Installers Shell Out $25K a Month for Products

For the first time the Security Spending Survey reveals how much installing companies are paying each month for equipment – overall as well as by specific product categories. Top buyer listings are presented along with purchasing patterns associated with different business characteristics.

Accelerated technological advancement and efficiencies throughout the supply chain have resulted in widespread commoditization and margin erosion for a great deal of products sold and installed by electronic security contractors. And yet, despite increased focus on “solutions” and services to offset those shrinking returns, the industry’s foundation revolves around devices and systems. So how much are installing companies spending today on the equipment that lies at the core of their business?

In attempt to answer that question, SSI and Bobit Business Media Research conducted the first Security Spending Survey. The survey was initiated Nov. 3, 2010, being sent via E-mail notification to nearly 11,000 subscribers. Three subsequent reminders were sent to those who did not respond to the initial correspondence. In total, 272 respondents participated by a margin of error of +/-5.9 percent. The objective was to determine how much installing companies are spending on equipment each month in total as well as by specific product categories.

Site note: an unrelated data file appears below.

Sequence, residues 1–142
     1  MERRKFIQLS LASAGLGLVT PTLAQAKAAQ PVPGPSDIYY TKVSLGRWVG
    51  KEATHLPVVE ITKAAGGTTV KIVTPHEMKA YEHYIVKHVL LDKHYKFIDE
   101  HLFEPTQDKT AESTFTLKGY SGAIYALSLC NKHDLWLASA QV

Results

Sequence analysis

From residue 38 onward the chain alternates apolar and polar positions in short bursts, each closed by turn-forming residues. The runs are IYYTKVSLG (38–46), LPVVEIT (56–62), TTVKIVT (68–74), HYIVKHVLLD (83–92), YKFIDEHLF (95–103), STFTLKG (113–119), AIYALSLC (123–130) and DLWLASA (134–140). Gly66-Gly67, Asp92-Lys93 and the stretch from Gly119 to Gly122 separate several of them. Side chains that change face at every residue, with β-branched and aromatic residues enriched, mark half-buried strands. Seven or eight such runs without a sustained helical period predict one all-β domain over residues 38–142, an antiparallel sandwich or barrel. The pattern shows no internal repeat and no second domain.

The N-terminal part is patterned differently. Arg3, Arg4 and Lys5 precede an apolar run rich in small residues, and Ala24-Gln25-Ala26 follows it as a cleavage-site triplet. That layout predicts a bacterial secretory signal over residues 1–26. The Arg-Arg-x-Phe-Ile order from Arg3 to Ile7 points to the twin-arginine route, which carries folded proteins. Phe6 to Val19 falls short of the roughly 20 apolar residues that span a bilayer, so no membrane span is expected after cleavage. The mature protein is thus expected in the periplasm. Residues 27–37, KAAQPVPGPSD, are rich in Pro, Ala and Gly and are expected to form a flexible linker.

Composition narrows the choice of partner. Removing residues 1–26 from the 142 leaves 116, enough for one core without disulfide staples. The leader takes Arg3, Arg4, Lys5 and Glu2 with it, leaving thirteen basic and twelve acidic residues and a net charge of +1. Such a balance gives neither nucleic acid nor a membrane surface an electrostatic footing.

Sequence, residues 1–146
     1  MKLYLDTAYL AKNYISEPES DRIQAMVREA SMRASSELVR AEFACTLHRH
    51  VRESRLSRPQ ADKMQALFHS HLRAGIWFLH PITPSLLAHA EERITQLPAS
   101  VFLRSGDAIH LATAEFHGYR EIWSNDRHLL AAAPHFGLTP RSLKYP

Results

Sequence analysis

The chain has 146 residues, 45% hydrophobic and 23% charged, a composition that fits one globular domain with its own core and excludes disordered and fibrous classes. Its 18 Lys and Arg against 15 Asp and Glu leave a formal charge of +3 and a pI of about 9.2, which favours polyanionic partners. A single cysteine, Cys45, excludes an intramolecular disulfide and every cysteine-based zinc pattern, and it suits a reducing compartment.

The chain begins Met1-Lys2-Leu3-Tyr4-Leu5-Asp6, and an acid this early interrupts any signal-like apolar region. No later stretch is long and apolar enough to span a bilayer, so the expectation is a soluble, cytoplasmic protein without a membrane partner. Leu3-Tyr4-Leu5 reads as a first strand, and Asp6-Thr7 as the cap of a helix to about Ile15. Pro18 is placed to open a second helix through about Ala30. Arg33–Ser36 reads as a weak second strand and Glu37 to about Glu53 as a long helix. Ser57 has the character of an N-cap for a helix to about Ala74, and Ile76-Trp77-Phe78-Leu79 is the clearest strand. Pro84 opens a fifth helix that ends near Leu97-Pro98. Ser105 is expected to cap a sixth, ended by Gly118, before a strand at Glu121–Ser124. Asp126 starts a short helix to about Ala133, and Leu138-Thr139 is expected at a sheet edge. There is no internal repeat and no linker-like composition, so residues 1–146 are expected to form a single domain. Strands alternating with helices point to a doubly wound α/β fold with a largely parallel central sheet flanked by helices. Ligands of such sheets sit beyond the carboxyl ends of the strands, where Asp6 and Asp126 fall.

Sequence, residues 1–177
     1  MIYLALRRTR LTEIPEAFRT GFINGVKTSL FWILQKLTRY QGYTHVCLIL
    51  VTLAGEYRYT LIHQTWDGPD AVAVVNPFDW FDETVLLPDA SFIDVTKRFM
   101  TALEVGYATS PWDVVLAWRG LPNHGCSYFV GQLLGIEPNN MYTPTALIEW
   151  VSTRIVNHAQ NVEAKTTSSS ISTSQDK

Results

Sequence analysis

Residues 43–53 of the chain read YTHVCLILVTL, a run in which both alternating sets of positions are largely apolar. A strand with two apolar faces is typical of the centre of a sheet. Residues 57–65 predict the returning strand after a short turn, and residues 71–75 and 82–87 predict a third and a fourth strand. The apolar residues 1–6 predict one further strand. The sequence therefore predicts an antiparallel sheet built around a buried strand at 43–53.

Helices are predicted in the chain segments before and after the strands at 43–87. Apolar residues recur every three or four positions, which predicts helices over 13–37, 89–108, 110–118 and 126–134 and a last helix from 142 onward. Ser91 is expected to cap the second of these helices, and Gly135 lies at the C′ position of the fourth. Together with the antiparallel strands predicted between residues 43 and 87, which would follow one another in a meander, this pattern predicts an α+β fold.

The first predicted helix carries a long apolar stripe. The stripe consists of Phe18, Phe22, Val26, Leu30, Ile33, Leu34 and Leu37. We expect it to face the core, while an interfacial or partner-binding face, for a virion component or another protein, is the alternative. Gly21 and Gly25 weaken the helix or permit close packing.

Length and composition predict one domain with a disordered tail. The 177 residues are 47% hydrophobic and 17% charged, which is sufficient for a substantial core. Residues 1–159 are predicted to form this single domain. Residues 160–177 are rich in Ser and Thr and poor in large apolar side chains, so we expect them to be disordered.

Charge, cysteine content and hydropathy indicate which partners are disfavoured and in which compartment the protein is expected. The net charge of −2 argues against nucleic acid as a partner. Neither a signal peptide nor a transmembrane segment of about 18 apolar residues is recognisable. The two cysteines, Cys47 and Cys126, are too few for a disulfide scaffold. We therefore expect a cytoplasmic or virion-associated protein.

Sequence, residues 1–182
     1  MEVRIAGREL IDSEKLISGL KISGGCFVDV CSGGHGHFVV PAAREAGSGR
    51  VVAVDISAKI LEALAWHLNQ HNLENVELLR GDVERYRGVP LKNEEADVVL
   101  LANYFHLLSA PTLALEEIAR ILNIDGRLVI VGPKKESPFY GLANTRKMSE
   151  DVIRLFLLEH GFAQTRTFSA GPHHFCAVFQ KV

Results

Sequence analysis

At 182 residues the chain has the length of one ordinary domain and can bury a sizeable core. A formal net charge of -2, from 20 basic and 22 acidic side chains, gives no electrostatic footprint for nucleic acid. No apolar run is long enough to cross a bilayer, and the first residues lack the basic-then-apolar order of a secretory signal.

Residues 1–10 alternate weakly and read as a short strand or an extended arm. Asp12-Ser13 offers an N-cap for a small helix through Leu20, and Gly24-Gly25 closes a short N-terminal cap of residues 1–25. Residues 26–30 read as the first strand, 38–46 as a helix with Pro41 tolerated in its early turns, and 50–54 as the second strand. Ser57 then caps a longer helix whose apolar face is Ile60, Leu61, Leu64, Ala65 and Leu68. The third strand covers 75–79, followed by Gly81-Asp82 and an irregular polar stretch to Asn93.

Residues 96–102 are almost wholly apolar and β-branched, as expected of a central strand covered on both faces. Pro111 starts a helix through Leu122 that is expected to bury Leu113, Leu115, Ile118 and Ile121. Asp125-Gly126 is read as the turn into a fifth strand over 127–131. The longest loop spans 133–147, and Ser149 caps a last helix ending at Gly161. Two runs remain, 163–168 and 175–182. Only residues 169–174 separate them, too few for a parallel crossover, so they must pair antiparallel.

The compiled data is presented here in the form of “top” listings for companies’ overall spending as well as access control, fire/life-safety, intrusion and video surveillance purchasing. Those companies appear in alphabetical, as opposed to ranking, order. In addition, product expenditures are shown according to company characteristics such as revenues, customer base, number of employees and number of locations.

Some disclaimers are in order. The results are not scientific as they appear as reported by the respondents. Furthermore, the findings are not comprehensive as only those firms voluntarily participating could be considered (companies wishing to be included in future surveys can E-mail interest to [email protected]). Some graphs include notations indicating small sample sizes in those particular categories. In the interest of presenting conservative estimates, all dollar amounts are shown as medians rather than averages.

The aim is to make future iterations of the Security Spending Survey more definitive. In the meantime, at the very least it is a conversation starter.

Click here to view the full results of the 2011 Security Spending Survey.


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About the Author


Scott Goldfine is the marketing director for Elite Interactive Solutions. He is the former editor-in-chief and associate publisher of Security Sales & Integration. He can be reached at [email protected].

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